You’d be hard-pressed to find a more polarizing figure in Chicago than Alfonso Soriano.
Soriano hasn’t lived up to his massive contract with the Chicago Cubs, and is a small piece of many reasons that the club has taken such a major step back as an organization.
After an offseason that saw the Theo Epstein Era begin on the North Side, many players were expected to be, and are now, gone. Soriano was expected to be at least mentioned among those names, and, by many accounts, he was.
There were at least attempts to shop him, but to no avail. To the disappointment of many Cubs fans, Soriano opened the season as the Cubs’ starting leftfielder.
But as of right now, that’s looking like something that doesn’t appear to be too terrible. Soriano has come into the season looking like a guy who’s out to prove people wrong, and is trending in the right direction to do just that.
Over the course of the spring, Soriano made the adjustments at the plate that appear to be working early on. He got rid of that patented high leg kick when he swings, and it appears to have helped him. He raked in the spring and is off to a solid start this year.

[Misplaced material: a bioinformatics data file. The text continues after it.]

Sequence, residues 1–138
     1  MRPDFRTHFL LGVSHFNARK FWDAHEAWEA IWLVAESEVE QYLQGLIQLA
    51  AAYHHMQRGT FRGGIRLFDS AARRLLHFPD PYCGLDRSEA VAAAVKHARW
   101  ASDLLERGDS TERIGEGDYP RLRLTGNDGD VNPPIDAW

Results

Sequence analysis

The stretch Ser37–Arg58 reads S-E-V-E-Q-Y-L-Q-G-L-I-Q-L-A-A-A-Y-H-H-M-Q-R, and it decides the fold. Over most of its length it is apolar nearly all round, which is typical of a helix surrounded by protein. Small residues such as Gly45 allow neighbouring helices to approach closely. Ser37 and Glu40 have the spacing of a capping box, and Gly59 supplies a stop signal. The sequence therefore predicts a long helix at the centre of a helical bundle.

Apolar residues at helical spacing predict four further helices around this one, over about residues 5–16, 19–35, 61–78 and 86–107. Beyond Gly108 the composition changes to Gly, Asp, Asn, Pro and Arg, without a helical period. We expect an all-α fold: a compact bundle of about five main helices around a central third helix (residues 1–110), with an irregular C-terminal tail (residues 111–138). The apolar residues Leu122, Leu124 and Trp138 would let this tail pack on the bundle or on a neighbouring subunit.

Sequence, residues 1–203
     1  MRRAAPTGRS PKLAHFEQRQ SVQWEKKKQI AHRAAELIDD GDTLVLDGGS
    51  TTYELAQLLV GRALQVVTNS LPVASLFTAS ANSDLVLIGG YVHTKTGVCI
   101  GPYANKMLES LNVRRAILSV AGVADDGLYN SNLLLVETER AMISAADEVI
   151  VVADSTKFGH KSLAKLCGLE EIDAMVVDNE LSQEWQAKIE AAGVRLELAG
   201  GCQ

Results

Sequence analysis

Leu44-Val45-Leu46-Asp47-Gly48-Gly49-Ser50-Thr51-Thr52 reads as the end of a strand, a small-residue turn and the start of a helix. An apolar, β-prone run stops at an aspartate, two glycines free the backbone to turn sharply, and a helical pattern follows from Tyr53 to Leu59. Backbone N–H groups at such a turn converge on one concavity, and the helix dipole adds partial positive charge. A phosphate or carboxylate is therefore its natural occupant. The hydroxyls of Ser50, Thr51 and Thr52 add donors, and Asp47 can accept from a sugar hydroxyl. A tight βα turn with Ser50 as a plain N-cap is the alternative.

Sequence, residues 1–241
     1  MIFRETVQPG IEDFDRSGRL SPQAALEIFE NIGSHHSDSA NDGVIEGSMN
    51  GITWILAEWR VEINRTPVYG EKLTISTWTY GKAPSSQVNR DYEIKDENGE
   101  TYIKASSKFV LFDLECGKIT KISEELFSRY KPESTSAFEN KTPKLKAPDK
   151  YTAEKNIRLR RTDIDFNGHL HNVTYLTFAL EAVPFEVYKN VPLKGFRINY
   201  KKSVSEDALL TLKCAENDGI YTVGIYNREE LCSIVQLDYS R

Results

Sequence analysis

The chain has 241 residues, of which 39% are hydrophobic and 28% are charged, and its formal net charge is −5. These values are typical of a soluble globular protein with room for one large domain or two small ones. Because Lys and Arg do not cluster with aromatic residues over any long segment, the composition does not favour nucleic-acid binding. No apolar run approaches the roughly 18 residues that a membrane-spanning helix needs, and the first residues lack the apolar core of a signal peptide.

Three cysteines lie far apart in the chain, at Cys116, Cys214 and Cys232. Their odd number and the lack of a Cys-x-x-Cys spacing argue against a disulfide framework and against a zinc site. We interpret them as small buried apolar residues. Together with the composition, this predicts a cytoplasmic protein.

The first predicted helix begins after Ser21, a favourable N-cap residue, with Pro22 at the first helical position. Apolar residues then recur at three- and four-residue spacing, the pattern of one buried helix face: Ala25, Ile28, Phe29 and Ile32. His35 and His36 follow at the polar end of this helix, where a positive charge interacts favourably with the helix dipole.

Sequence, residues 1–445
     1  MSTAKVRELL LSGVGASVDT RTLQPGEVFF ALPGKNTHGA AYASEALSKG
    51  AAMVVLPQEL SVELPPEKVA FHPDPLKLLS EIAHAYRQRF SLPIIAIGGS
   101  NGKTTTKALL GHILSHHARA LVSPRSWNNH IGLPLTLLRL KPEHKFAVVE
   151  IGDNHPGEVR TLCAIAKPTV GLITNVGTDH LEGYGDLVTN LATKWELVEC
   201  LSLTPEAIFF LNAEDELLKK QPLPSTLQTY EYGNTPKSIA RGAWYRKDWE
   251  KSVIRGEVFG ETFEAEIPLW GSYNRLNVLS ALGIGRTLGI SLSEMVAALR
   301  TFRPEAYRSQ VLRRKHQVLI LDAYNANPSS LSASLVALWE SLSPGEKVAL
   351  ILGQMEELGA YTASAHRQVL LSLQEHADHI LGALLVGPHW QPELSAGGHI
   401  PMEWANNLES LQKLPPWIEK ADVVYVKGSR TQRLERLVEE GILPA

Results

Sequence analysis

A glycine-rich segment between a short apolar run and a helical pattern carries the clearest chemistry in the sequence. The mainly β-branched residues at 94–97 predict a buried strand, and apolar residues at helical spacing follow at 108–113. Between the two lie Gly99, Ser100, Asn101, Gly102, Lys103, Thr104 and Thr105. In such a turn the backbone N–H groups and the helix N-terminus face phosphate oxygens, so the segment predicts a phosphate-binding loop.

He’s hitting a touch over .300, with an on-base percentage sitting at .343,though his 10 hits this year have all come on singles. It will be interesting to see if that carries over, though, since Soriano isn’t usually anything that resembles a slow starter. With his newfound ability to make contact, we should see the power numbers start to pick up this season.
But where we’ve seen a big improvement in Soriano, at least thus far, is in the field. Soriano has been a notoriously terrible fielder since he made the move from second base to the outfield, not only misplaying flyballs, but jogging after them when he does.
Though those strikeouts haven’t disappeared, we’ve seen Soriano make at-bats tougher on opposing pitchers, rather than just swinging at the first thing he sees low and away.
That hasn’t been the case this year. Soriano has been very solid in the field, and has even flashed the leather on a couple of occasions, which is something we’re obviously unaccustomed to seeing from him out there.
We’ll have to wait and see if this is just an aberration or if Soriano is really attempting to quiet down his critics and elevate his game, in all phases. Though he’ll never live up to his contract, it would be nice to see him at least turn in a big year for the Cubs, if for nothing else other than to increase his trade value.